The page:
Weekly Reflection (NEW!)
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This is the seventh and last devotion in a series on the Passion of Christ according to the Gospel of Matthew.
Please read Matthew Chapter 27:55--66 in your Bibles.
The traditional psalm to sing on Maundy Thursday is Psalm 116:10-17. The thing is there’s a hallelujah at the end. Now since it is Holy Week, you’re supposed to omit the hallelujah. You’re not supposed to say it. Shhhh! Two years ago on Maundy Thursday, the cantor messed up. She chanted the “Hallelujah!” We all sort of caught our breath. It was out there. Everyone glanced nervously around the room. I felt like a naughty kid who had gotten away with something. It was sort of a thrill. Because here we are trying to be all serious and contemplative about Christ’s great gift to us and the imminent suffering, and that “Hallelujah!” sneaks out. The end of the story pops out and we giggle.
The religious leaders went before Pilate because they wanted to put a guard around the tomb. They had heard that Jesus told his followers he would be raised on the third day. They said to Pilate, “His disciples will come steal the body and tell everyone that he has been raised from the dead. The last deception will be worst than the first.” Don’t giggle. Don’t let the end of the story pop out. Not yet, not yet.
In The Lion, the Witch, and the Wardrobe by C.S. Lewis, Aslan (the Christ figure) gives himself to the White Witch to be sacrificed on behalf of Edmund who had “sold his soul” to the witch. The witch is about to kill Aslan and she wants to get in one last dig. She says, “And now who has won? Fool, did you think that by all this you would save the human traitor? Now I will kill you instead of him as our pact was and so the Deep Magic will be appeased. But when you are dead what will prevent me from killing him as well? And who will take him out of my hand then? Understand that you have given me Narnia forever, you have lost your own life and you have not saved his. In that knowledge, despair and die.”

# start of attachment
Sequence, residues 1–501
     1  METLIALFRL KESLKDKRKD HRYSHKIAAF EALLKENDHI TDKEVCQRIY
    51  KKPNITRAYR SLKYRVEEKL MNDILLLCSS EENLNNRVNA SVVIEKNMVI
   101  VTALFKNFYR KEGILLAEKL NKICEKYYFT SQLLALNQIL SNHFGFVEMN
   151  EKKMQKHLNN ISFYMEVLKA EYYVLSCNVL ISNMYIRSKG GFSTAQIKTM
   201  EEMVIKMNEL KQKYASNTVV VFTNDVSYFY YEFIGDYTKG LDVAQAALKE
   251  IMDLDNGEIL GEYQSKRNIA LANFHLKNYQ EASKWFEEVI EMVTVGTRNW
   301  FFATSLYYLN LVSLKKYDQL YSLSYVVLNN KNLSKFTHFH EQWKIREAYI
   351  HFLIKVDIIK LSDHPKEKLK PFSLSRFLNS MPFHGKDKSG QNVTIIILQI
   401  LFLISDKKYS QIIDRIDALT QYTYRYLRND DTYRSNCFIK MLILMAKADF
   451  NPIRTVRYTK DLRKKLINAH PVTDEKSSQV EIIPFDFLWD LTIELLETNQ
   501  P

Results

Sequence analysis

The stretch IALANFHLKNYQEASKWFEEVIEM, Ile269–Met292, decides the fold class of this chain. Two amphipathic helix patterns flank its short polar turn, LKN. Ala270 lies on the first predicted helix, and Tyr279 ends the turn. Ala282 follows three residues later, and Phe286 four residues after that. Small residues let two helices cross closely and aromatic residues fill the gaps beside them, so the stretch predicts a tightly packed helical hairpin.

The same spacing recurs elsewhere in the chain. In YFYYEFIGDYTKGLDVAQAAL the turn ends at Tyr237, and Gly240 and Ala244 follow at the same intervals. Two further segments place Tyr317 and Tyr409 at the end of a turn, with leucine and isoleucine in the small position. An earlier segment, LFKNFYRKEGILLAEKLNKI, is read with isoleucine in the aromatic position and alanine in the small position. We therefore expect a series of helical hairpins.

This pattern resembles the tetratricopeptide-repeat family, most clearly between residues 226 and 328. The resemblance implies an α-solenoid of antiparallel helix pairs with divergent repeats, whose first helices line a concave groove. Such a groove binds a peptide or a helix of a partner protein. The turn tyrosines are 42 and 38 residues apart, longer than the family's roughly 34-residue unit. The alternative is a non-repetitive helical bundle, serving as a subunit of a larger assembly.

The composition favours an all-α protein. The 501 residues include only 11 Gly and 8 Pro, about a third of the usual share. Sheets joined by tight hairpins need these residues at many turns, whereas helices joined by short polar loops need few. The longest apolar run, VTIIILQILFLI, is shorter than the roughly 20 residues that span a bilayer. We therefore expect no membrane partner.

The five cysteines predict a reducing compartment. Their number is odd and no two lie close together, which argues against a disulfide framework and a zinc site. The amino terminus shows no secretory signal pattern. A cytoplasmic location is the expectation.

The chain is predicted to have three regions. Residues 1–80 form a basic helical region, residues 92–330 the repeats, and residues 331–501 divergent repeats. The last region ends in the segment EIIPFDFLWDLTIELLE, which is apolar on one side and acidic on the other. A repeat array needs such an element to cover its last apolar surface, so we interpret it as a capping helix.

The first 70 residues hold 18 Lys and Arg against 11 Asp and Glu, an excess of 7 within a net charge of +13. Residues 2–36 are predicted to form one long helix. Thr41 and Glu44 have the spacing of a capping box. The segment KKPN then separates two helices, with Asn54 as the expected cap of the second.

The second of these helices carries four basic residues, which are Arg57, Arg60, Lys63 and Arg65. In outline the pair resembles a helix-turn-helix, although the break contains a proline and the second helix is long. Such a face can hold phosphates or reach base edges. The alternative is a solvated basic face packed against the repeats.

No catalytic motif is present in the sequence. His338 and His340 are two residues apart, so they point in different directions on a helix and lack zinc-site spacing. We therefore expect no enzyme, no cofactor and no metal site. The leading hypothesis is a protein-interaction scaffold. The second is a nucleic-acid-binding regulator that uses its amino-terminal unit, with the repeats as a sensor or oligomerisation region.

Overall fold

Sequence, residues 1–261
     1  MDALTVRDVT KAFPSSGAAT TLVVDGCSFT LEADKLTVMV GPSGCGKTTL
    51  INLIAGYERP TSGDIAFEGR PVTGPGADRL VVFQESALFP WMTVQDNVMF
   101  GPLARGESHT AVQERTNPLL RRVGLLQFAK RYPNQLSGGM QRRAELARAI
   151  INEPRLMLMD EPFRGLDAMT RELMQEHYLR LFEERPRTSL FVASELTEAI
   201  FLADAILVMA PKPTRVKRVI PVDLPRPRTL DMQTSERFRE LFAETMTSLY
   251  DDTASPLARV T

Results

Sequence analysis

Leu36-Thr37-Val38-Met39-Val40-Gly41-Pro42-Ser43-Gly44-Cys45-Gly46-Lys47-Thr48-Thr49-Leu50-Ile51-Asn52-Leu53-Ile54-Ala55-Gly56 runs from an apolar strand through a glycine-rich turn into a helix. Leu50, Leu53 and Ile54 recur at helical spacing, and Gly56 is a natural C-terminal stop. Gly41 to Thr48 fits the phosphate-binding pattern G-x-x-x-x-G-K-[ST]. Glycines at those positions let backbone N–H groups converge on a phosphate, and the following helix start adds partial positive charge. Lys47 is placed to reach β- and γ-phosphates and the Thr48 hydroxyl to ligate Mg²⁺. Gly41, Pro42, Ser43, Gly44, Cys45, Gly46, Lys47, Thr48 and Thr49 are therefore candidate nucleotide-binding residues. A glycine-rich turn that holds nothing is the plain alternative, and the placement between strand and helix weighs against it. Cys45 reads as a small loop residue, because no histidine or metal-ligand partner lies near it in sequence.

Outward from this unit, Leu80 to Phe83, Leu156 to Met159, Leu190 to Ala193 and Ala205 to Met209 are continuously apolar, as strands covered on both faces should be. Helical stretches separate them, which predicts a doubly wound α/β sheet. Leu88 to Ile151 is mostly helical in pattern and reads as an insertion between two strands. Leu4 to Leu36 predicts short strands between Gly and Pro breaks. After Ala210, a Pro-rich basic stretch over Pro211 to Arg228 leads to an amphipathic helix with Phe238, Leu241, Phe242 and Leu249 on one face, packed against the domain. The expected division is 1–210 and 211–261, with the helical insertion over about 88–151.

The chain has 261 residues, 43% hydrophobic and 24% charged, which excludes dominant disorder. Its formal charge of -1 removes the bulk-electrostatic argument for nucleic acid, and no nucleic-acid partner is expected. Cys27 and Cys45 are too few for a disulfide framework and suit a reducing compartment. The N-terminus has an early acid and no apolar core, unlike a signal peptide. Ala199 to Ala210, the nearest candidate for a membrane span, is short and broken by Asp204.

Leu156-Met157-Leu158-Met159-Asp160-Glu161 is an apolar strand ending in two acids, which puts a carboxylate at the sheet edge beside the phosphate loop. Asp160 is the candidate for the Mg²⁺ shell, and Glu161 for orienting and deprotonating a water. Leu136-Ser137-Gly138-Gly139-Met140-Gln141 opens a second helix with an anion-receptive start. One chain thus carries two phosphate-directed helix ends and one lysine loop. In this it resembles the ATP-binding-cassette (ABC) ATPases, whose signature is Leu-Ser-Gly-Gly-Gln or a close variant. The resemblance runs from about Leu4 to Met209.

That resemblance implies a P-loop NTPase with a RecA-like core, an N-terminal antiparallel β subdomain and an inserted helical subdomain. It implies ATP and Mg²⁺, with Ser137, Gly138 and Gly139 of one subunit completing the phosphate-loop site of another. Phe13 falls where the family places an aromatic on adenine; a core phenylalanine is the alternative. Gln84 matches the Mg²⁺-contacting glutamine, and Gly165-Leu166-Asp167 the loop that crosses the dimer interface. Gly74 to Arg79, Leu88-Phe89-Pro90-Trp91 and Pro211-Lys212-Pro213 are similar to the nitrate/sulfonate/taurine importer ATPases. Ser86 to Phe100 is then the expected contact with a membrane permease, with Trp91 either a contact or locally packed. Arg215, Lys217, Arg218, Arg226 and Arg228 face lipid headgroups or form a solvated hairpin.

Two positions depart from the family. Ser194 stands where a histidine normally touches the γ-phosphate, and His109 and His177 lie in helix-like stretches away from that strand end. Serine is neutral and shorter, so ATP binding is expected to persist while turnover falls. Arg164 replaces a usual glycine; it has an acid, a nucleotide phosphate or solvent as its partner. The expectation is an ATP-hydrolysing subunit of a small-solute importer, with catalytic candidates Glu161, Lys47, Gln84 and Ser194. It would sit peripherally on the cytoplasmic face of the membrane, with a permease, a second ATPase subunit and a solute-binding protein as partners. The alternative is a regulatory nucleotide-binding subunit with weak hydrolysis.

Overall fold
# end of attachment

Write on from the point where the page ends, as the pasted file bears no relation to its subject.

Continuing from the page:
That’s the big joke for this whole week. Evil believes that it has triumphed and that all is lost. As they take Jesus down from the cross, wrap him up in cloths, and seal him in that tomb, Joseph of Arimathea, Mary Magdalene, and the “other” Mary have no idea what will transpire. They are consumed with grief. But we know. We know and there’s a tinge of a thrill. We stifle a laugh because of the joy to come. But to truly know that joy and thrill, we relive the story each year. We see the anguish in the garden. We see the betrayal. We see the beating, the crucifixion, and the death. We see the sealed tomb. We see—we relive—but with that stifled giggle and thrill of a shared joke. Joy comes on Sunday because we have walked with Christ to the cross. Christ will be raised. Death and evil will not triumph. Christ is raised! Alle… oooh! Shhh!
Pray that joy will be yours when Sunday comes.